reception
J.R. Tidwell/FCT Snow fell for the vast majority of a baseball game played between the Red Bay Tigers and Phil Campbell Bobcats earlier this season.
J.R. Tidwell/FCT
Snow fell for the vast majority of a baseball game played between the Red Bay Tigers and Phil Campbell Bobcats earlier this season.

Archived Story

Outdoor sports mean ‘weather permitting’

Published 5:59am Saturday, April 6, 2013

Football gives way to basketball season during the cold winter months.

That is such a long season compared to some other sports that many people forget it is the only local sport played indoors.

It may get cold and rainy during football season, but the teams can play through most of it due to the nature of the games.

These things do not affect basketball because of the temperature-controlled gyms.

When baseball and softball season rolls around, however, this is a different story.

These sports are not only outdoors like football, but inclement weather usually has a larger impact on these sports simply because of how they are played.

“I think it’s something you get used to over time,” Vina head baseball coach Greg Hamilton said. “You understand that you can’t control the weather, but the rhythm is the biggest issue, and getting to play and get your at-bats and pitching in every day and get into some kind of rhythm is important. That’s the biggest difficulty.   “

Baseball and softball are played in the spring because the season generally has the best weather, but this year things have not gone the way coaches across Franklin County would like.

Our county has received so much rain (and snow) over the past two months that many games and play dates have had to be postponed or cancelled altogether.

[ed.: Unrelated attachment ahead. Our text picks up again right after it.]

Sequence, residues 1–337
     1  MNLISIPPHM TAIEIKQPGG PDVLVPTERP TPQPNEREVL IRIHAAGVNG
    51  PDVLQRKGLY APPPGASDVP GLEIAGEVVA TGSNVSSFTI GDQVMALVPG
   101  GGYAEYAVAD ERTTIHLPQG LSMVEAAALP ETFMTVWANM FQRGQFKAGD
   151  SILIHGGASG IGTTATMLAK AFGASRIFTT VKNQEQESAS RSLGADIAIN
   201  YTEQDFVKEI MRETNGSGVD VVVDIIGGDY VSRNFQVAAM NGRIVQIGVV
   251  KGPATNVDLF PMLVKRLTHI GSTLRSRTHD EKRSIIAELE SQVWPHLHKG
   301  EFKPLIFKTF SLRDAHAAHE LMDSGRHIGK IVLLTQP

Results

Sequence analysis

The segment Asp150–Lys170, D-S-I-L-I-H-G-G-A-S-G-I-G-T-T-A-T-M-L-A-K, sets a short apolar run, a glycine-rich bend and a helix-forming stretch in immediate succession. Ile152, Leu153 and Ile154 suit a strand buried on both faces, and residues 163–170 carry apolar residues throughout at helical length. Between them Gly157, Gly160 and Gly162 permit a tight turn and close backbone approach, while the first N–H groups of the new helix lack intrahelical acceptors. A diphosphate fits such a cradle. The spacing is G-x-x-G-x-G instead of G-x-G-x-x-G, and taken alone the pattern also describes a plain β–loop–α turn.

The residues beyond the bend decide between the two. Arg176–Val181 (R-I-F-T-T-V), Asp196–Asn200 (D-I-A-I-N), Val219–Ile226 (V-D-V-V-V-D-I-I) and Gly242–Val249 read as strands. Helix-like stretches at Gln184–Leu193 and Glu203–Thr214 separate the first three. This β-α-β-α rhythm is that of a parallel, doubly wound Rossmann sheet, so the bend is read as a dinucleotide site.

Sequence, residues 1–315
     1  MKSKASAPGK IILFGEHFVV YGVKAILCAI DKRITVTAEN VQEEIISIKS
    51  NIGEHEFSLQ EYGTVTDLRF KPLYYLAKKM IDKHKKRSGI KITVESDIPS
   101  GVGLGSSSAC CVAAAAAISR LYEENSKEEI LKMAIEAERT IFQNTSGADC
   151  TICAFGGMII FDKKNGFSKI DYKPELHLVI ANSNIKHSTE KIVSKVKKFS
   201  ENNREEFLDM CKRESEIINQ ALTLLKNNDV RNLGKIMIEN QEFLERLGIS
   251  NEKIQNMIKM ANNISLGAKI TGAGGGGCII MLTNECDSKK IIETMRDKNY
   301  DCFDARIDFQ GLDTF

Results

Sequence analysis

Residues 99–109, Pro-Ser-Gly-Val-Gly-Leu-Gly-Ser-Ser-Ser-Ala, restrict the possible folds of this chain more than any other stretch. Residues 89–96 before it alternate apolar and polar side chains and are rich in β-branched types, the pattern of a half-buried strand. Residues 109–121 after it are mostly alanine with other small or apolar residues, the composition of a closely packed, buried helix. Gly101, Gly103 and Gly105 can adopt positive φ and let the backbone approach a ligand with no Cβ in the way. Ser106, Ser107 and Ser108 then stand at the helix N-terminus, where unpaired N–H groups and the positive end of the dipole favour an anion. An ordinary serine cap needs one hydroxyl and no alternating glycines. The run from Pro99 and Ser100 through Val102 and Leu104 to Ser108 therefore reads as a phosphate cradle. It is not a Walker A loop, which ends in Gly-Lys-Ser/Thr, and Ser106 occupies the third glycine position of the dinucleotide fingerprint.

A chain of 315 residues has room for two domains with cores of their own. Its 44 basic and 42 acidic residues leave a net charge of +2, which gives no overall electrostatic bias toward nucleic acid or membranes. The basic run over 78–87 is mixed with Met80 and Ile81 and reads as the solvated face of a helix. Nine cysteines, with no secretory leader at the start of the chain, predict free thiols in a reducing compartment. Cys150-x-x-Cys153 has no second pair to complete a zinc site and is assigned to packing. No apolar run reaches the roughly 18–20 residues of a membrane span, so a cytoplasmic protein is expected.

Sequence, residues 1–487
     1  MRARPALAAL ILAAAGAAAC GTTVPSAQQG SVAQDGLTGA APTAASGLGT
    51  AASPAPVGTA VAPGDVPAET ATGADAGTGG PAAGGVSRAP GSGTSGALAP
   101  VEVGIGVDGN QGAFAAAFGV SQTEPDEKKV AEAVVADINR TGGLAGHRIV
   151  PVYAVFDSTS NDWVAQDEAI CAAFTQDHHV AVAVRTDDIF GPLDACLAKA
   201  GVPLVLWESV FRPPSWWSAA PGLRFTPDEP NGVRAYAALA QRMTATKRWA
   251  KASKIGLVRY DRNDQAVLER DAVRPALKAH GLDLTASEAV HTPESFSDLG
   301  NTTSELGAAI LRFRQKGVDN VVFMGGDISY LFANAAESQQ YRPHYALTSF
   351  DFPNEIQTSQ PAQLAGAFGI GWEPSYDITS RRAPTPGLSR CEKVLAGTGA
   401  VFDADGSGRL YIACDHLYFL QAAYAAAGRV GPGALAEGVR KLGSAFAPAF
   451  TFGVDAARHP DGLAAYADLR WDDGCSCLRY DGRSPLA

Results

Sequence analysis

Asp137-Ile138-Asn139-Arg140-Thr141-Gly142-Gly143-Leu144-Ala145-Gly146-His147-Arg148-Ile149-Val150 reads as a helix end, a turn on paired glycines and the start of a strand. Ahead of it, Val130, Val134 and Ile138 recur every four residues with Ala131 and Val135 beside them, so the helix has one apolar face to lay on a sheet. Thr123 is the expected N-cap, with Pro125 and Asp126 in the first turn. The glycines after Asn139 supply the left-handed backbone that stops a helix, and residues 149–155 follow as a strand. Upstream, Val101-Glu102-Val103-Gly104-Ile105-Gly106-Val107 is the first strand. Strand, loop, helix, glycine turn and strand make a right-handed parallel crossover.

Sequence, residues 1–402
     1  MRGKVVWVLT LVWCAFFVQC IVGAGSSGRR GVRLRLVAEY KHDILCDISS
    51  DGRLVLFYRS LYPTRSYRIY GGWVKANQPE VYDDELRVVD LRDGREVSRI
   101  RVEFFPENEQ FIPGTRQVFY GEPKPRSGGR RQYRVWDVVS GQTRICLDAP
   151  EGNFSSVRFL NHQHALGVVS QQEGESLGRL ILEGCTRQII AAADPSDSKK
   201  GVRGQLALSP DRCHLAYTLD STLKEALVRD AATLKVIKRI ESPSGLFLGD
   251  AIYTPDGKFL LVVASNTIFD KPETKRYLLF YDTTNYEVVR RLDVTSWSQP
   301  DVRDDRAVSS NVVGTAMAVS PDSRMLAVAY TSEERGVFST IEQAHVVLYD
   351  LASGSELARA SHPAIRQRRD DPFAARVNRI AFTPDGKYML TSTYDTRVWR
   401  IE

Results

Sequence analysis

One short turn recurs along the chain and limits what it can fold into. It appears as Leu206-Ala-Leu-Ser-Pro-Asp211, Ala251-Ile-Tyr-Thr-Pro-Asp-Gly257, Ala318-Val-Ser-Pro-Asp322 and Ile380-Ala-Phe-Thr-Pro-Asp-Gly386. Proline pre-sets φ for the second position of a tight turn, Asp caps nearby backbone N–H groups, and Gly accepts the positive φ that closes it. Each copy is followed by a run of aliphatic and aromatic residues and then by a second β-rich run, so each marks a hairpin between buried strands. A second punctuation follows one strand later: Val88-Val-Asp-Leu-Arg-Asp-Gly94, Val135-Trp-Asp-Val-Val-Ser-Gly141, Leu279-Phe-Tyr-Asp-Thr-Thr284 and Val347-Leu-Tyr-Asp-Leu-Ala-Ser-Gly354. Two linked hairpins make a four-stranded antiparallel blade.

“It depends on how much rain you get,” Hamilton said. “We try to play the next available date, and sometimes that’s not always possible. Right now in the area format we’re trying to play the next available date if in any way possible, and we try to stay off Wednesdays.”

Baseball and softball season is only about 10 weeks long minus any postseason play, so getting the games in when possible is extremely important.

This season the amount of rain has thrown a big monkey wrench into the plans of local coaches.

“We have an area game against Tharptown that we didn’t get in during the allotted week, so that’s been pushed all of the way to the end of the season,” Hamilton said. “That will give us three area games in one week. I’ve only lost one area game, but I’ve lost six playing dates that were all doubleheaders.

“We have played 15 games right now, and we could have been pushing 30. We’ve lost a week’s worth of the regular season, and it’s impossible to make them all up.”

One thing that is for certain is the number of rainouts this year has been greater than last year and most years.

“This is not par for the course. We have lost games every week this season. Last year we had hardly any rainouts, and this year we’re way above average. Our field is under water right now, but we’re hoping to get to play tomorrow,” Hamilton said.

 

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